Researchers don’t know the cause of migraine, but they have identified certain risk factors. These include genetics. Up to 80 percent of people who have migraine have a parent, sibling or child with the disorder. Gender is another risk factor. Women are two to three times more likely to develop migraine than men. You are also at a higher risk if you live a high-stress lifestyle. Smoking also increases your risk.

Stress is a trigger for migraine. Other factors that may trigger migraine include hormonal changes; pickled, processed or canned foods; alcoholic or caffeinated beverages; certain medications; infections such as a cold or the flu; loud sounds, bright lights and strong smells such as paint fumes or heavy perfumes.

Your doctor can generally diagnose migraine based on the symptoms you report. The physician may order blood tests or an imaging exam, such as a CT or MRI, to rule out other disorders.

There is no cure for migraine. However, it can usually be managed with medication, and in some cases it can be improved. There are two main approaches that include medications: abortive and preventive.

Abortive treatment is designed to stop your migraine and ease your pain. Medications used in this approach includes over-the-counter pain relievers and prescription medications such as triptans, which reverse the changes in your brain that contribute to migraine.

Other abortive medications include ergot alkaloids, which narrow the blood vessels in the brain; and calcitonin gene-related peptide (CGRP) antagonists, which bind to CGRP and keep it from working. An influx of CGRP is believed to contribute to the development of migraine. CGRP antagonists can also be used to prevent migraine.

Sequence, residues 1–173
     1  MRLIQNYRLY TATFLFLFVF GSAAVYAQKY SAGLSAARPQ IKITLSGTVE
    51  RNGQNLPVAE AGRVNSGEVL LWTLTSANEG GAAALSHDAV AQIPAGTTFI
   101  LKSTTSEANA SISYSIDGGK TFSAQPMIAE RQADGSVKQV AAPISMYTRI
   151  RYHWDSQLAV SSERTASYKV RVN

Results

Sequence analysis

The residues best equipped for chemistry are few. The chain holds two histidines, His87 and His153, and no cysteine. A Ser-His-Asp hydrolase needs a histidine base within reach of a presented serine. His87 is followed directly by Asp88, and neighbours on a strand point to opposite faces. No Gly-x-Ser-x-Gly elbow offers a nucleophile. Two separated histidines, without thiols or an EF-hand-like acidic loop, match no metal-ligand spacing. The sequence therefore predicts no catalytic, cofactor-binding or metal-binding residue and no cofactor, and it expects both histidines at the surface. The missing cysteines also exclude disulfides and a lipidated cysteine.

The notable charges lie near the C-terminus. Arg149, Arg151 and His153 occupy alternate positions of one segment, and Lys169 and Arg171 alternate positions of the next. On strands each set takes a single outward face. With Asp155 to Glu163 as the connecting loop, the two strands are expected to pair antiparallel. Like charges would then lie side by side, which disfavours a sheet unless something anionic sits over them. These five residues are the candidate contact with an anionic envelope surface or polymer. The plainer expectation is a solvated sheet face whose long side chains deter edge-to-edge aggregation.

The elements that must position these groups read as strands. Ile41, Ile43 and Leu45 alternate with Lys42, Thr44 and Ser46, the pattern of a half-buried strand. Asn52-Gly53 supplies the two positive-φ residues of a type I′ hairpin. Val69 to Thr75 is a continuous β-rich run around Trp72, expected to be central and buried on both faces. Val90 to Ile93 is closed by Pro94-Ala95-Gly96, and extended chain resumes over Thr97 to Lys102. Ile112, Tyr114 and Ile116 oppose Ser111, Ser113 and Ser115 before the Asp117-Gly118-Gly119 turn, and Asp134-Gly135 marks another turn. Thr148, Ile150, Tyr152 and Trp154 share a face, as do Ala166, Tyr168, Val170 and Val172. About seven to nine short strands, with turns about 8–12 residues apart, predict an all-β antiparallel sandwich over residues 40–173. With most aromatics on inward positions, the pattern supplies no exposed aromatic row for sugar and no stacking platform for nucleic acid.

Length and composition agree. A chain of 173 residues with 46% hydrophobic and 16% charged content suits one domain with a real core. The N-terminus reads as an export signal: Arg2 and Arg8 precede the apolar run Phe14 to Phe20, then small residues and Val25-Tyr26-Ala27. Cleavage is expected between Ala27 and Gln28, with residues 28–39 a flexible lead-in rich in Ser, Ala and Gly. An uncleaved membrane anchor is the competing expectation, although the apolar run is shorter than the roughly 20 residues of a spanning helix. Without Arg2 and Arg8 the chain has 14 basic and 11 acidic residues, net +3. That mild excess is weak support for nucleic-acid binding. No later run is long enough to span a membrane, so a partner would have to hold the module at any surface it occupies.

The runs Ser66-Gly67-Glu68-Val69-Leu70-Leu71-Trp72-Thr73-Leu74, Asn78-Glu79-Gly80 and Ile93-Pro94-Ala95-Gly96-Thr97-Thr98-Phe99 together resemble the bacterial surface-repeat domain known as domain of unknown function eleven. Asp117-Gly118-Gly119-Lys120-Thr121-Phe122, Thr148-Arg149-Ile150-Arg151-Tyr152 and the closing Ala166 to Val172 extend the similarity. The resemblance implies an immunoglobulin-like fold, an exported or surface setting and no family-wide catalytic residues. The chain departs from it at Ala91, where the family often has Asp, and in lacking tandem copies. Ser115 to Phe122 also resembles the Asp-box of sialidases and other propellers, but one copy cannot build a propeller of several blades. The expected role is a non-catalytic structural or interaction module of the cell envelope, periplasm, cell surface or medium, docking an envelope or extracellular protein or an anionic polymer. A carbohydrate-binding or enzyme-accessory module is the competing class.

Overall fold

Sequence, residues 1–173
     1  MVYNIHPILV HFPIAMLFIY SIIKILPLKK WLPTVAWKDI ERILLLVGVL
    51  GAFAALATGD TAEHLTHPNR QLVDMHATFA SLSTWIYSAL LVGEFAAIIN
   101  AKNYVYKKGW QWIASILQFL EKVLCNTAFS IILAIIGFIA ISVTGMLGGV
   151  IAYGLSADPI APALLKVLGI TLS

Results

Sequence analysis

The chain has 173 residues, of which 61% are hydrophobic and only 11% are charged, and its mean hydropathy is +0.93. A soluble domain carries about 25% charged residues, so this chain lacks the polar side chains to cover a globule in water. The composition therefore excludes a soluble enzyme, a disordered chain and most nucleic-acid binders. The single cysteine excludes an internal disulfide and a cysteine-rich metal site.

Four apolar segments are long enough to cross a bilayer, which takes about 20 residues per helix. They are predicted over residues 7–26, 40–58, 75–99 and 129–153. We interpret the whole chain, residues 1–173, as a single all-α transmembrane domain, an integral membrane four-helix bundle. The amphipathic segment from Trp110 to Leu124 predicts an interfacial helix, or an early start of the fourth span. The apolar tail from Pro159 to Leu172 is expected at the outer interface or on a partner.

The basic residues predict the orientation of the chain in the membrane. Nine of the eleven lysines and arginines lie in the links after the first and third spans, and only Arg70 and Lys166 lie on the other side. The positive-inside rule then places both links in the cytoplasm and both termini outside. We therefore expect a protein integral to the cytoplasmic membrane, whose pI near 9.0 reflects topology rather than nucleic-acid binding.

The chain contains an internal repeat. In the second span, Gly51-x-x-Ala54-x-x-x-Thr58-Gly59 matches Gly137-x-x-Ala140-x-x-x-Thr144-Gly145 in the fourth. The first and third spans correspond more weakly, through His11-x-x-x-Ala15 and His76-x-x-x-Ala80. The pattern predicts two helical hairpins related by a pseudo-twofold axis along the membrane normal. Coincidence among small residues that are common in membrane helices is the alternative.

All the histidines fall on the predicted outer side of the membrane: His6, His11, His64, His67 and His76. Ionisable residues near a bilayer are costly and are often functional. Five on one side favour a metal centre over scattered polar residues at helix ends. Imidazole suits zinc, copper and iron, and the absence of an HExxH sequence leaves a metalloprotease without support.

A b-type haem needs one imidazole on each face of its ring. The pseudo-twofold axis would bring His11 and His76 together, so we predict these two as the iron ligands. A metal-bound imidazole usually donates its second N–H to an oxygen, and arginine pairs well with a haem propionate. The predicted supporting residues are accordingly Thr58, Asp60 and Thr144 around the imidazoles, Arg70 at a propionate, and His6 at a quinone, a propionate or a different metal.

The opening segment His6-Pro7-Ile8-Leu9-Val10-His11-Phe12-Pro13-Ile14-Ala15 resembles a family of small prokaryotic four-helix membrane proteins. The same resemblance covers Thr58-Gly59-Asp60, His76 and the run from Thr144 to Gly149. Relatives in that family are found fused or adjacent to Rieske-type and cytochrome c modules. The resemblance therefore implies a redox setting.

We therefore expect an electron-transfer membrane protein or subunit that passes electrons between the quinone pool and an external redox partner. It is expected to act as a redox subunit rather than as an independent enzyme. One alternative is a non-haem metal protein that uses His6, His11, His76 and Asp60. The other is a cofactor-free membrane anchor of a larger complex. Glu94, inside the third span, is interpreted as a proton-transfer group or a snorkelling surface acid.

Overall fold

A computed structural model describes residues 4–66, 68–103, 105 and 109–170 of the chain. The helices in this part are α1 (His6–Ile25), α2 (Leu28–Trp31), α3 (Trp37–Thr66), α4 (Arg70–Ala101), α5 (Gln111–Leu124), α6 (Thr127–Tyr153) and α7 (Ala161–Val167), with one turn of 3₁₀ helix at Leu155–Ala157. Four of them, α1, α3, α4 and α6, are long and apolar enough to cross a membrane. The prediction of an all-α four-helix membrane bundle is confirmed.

Preventive treatments are designed to reduce the frequency, severity and duration of migraine. They include medications such as beta blockers, calcium channel blockers, certain antidepressants and anti-seizure medications, and BOTOX injections. Wearable devices that stimulate your vagus and trigeminal nerves can also prevent migraine or give relief if the headache has started.

If you suffer from chronic migraine, don’t give up. See your doctor about abortive and preventive treatment approaches. Maybe you will find some relief from your misery.

Patti DiPanfilo

About Acupuncture

August 14th, 2017

about-acupuncture- istockphoto_38800846

The ancient Chinese therapy of acupuncture has gained considerable steam in the United States during the past 20 years or so. Today, more than three million Americans receive the treatment each year, and the number just continues to grow.

If you’ve had acupuncture, let us know what you think about it. If you’re just considering it, here are a few particulars to help you make a more informed decision.

In Chinese medicine, health depends on the balance of the extremes (yin and yang) of the life force, or energy, known as chi. This life force flows through pathways in the body called meridians. The Chinese believe illness results when there’s an imbalance of chi.